Thoughts of home kept kidnap victims strong in jungles of Ecuador
Sunday, March 4th 2001, 12:00 am
By: News On 6
MEDFORD, Ore. (AP) _ After heavily armed bandits burst into an oilfield camp in the jungles of Ecuador in October and took Jason Weber captive with other foreign workers, Weber found himself thinking back to something his wife used to tell him.
``She said, `You always look like you're mad at somebody and about to rip their head off,''' Weber told a news conference Saturday after his return home. ``I didn't want to look like that. I tried to smile a lot.''
Weber, 29, Arnie Alford, 41, and Steve Derry, 41, all of Gold Hill, and Dennis Corrin of Nelson, New Zealand, were among seven kidnapped oilfield workers freed this week after payment of a reported $13 million ransom to a group believed to be Colombian professional kidnappers.
The four former hostages returned to Oregon early Saturday on a private jet.
The men are employees of Erickson Air-Crane, a heavy-lift helicopter company headquartered in Central Point, near Medford. With their families sitting nearby, the men described their ordeal at a news conference at a country club.
A fifth American, David Bradley, 41, was staying in Denver with family before returning home to Casper, Wyo. He worked for Tulsa, Okla.-based Helmerich & Payne Inc.
A Chilean and an Argentine also were freed.
Constantly under the muzzle of a gun and subsisting on rice, sardines and an occasional rat, the men said they kept up their spirits with thoughts of their families.
``We knew we had good families back home,'' said Weber, the scraggly beard he wore when he walked out of the jungle to freedom Thursday trimmed to a neat goatee. ``That's what kept us all strong.''
Alford said he was overwhelmed to drive through the little town of Gold Hill and see all the yellow ribbons tied there.
The men said that on Oct. 12 about 4 a.m. bandits, heavily armed with a motley array of guns, pounded on the doors of their rooms and told them to pack a few clothes, then herded them onto a truck and later a helicopter.
After 45 minutes in the air, they touched down and walked for three days through the jungle before stopping at their first camp. Whenever their 22 captors, aged 16 to 40, got nervous the army might be nearby, they moved again, sometimes staying in shacks, but usually sleeping in hammocks slung between two trees.
They kept track of the days with a homemade calendar Weber made from a piece of paper and a pen he had in his pack. The bandits gave them a small magnetic chess set. For exercise, they worked out on a homemade gym devised by Alford from ropes strung in trees. Otherwise, they lay in their hammocks and talked while the bandits kept close guard.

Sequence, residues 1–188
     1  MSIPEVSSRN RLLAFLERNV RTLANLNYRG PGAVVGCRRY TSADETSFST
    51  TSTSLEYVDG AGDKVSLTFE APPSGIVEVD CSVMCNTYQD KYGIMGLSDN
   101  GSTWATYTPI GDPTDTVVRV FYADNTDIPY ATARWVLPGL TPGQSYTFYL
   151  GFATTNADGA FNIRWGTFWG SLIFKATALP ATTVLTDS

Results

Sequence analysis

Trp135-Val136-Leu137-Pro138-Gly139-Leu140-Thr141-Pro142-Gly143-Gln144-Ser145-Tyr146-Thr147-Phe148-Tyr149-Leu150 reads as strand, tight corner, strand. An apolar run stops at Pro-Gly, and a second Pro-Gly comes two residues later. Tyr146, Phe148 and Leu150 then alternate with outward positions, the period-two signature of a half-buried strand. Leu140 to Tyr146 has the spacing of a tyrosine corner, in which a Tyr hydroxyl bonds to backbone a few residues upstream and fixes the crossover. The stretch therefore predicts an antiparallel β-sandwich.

``I'm not sure what their agenda was, whether they were fighting for a cause or just looking for some money,'' Weber said. ``To them, Americans were bad.''
Though they were never beaten, someone was always pointing a gun at them.
``They said they'd shoot us if we tried to escape,'' Weber said. ``They said if the army found us, they'd shoot us first.
Weber said they weren't able to celebrate Christmas, but the bandits managed to find some booze to celebrate New Year's Eve.
``There wasn't nothing good about it,'' Weber said of their captivity. ``There wasn't one second.''
They declined to talk about the slaying of fellow captive Ron Sander, 54, of Sunrise Beach, Mo., whose body was left in a jungle covered with a sheet saying he had been killed for nonpayment of ransom.
The Chilean hostage, German Scholz, a consultant for European energy giant Repsol-YPF, told Channel 10 television that the kidnappers told them Sander had been liberated as part of a ransom deal.
``On Jan. 24, the day that we were separated from him, we shook hands and said goodbye,'' Scholz recalled. ``The promise was that they were freeing Ron because that was the deal they had agreed to with the oil companies.''
When the ransom was paid, the freed hostages were told to walk down a jungle trail toward a town called Santa Rosa. They did not feel any relief, said Derry.
``Just because you're released from that group, it didn't mean you would not be captured by another group,'' Derry said.
Ecuadorean Foreign Minister Heinz Moeller said Friday he feared the ransom allegedly paid for their release would be used by the kidnappers ``to step up violence, perhaps other kidnappings or other crimes'' along Ecuador's northern border region.
Moeller said the hostage crisis underscores fears that Plan Colombia, the anti-drug program partly funded by the United States, may drive other leftist insurgents across the border into Ecuador. Ecuador is appealing to the United States for $400 million to $500 million over five years to prevent the effects of ``Plan Colombia'' from spilling into the nation.
In a speech in Washington, Moeller said Ecuador's security forces stayed on the sidelines during the hostage ordeal at the request of the U.S., Chilean and Argentine governments.